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Thomas Butler Gunn Diaries: Volume 11, page 253, ca. 1859 [newspaper clipping]

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Identifier: DX03212994

Title: Thomas Butler Gunn Diaries: Volume 11, page 253, ca. 1859 [newspaper clipping]

Description: Newspaper clipping about a lecture by William Boutcher regarding his travels in the Middle East.


WORKING MEN'S EDUCATIONAL UNION.—A lecture entitled "A Ramble in the East" was given to the members of this institution, (gratuitously, for its benefit) at the New National Schools, by W. Boutcher, esq., the room being kindly lent for the occasion by the Rev. M. Woodward, the incumbent of the parish church, in consequence of the lecture room on the Bayle, having sustained damage through the falling of an adjoining building. The chair was taken by the Mayor, James Tolputt, esq. The lecturer who was one of four forming the last Exploring Expedition to the Buried Cities of the East, commenced his ramble from Constantinople, which was graphically pictured, and humorously described the voyage in the steamer, with her miscellaneous human cargo, from thence up the Bosphorus, round the eastern coast of the Black Sea to Sinope, where she stopped to land and embark passengers. This was shown to be an ordinary Turkish port, in a thriving state, with its open roadstead — where, in seven days after, the Russian fleet anchored, and perpetrated the horrible massacre which has been so justly condemned throughout the world. The lecturer here drew a picture of the inglorious fate which soon befell this same fleet, now lying a mass of charred and rotting lumber at the bottom of those waters of which it was intended to be the pride and glory. He then passed on to Samsoun the point where the expedition landed. Here the party commenced their laborious journey, travelling on mules. The wretched state of the Turkish hovels was next spoken of, and the perilous route over the snowy mountains. The lecturer then fully described the habits, manners, customs, and extraordinary apathy of the Turks, and the degraded people inhabiting the country which was passed through on their way to Nineveh, with the general knavery and system of speculation that prevailed from the greatest pasha down to meanest peasant, forcibly contrasting them with the people of the West. The discoveries of Nineveh were then touched upon, with the extraordinary corroboration they afforded to Biblical history, and the fulfillment of prophecy; one inscription discovered, giving a full account of the war of Sennacherib with Hezekiah King of Judah, which agreed almost word for word with the bible account. Amusing incidents of travel were then given, including the passage down the Tigris, and the arrival at Baghdad.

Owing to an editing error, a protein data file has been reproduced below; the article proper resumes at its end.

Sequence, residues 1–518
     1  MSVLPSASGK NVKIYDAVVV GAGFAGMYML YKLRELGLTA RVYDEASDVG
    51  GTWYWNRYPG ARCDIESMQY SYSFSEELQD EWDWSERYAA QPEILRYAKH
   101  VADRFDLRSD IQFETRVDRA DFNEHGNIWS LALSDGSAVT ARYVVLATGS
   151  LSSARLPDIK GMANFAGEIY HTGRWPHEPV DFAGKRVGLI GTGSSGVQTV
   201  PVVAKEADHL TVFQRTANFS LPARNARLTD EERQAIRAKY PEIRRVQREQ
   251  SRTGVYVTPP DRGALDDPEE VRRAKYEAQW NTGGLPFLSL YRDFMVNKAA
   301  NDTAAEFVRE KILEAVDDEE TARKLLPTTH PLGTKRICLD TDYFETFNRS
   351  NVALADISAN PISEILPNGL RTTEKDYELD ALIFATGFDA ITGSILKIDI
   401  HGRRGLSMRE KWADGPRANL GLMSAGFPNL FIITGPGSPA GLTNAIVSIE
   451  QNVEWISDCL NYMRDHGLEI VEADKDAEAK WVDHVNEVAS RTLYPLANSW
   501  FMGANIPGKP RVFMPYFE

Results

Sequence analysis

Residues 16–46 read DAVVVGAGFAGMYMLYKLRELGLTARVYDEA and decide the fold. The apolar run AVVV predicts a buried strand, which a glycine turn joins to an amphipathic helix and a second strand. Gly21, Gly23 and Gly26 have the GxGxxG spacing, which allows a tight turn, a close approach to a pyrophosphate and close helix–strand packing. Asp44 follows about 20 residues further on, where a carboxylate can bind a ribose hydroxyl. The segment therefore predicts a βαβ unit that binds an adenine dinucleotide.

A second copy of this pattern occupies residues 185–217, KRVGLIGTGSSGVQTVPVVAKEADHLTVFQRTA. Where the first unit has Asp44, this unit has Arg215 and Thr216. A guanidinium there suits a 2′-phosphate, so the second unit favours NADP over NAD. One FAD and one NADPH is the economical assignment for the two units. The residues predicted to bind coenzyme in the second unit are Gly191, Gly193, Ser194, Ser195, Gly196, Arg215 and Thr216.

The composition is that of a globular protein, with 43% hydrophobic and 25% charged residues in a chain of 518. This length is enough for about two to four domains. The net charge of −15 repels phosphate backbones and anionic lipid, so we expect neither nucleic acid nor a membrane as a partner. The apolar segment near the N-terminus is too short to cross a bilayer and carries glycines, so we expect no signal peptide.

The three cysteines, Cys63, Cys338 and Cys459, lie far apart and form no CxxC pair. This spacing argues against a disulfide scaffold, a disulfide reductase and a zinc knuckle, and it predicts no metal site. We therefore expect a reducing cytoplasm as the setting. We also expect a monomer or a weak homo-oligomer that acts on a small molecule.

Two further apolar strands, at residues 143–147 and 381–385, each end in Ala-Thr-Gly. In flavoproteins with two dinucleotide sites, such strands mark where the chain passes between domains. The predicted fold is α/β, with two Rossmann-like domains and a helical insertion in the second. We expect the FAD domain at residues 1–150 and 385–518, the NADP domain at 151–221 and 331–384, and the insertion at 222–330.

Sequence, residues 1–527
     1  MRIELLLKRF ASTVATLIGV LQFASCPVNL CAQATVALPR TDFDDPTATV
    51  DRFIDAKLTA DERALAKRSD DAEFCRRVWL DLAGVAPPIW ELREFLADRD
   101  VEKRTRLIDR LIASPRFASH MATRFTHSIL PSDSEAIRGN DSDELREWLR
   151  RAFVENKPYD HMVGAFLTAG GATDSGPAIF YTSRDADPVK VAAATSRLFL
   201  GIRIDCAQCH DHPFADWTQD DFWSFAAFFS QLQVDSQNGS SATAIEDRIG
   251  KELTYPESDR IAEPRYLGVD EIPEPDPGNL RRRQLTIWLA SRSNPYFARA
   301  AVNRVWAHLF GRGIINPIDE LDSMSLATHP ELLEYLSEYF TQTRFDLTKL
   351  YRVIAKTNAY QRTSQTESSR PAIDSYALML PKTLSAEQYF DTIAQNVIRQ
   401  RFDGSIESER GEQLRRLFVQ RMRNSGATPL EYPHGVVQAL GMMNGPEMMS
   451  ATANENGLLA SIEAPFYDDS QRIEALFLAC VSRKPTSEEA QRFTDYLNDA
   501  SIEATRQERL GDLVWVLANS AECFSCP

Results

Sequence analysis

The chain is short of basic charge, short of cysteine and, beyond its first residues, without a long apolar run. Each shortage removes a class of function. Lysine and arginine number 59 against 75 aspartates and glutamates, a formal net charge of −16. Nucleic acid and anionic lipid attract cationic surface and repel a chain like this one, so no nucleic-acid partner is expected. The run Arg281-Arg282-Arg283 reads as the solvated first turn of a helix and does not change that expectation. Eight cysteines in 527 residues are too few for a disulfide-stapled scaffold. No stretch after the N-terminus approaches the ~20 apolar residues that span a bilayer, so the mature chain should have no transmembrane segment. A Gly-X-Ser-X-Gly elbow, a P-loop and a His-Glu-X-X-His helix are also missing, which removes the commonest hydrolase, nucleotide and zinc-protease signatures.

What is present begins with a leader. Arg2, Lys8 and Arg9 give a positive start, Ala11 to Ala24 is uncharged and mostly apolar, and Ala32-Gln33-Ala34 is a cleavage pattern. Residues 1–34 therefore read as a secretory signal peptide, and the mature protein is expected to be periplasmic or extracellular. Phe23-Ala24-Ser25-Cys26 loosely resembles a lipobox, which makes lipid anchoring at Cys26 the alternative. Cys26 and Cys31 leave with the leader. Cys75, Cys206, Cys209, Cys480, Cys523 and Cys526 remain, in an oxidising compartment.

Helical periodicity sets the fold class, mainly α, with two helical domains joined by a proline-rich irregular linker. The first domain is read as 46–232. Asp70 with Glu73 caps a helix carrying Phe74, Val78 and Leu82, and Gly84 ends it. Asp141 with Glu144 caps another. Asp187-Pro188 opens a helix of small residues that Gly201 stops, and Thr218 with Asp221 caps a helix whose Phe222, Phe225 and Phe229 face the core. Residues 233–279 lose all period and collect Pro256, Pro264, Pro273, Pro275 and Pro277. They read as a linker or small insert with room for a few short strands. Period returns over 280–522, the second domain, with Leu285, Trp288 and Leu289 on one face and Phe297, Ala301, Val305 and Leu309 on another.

After a short interval the lecturer passed on to the great Arabian desert, describing Arab encampments, character and customs of the Arabs, their horses, women, mode of life, and hospitality of the chiefs, which did not appear to have changed since the days of the Patriarchs. He next described the city of Wurka (or Ur of the Chaldees,) the birth-place of Abraham, and other places, also giving an account of the extraordinary place of burial, nine miles in circumference, where millions of bodies must have been interred, as in digging down to the depth of 20 feet nothing but remains of skeletons were found, exhibiting many different and peculiar modes of burial. The lecturer then gave a fine description of the desert by night, with the magnificent appearance of the heavens, and the peculiar effect of the camp watch fires, noticing also the sand squalls, wild beasts, Bedoueens; Arab surgery and Arab thieves, Bashi Bazouks, and many other features of Arab life, arriving at length at Babylon.

We have not space to follow the lecturer through the rest of his highly interesting and amusing descriptions, but can only say that he concluded a most pleasing and instructive entertainment (given entirely extempore) amidst the hearty applause of a large and attentive audience. We understand it is Mr. Boutcher's intention to make a tour of the provinces, to give a similar lecture or entertainment, illustrated. . . .

Rights: NoC-US


Dates: ca. 1859

Type(s): Clipping, Newspaper


Subjects: Travel
Lectures and lecturing


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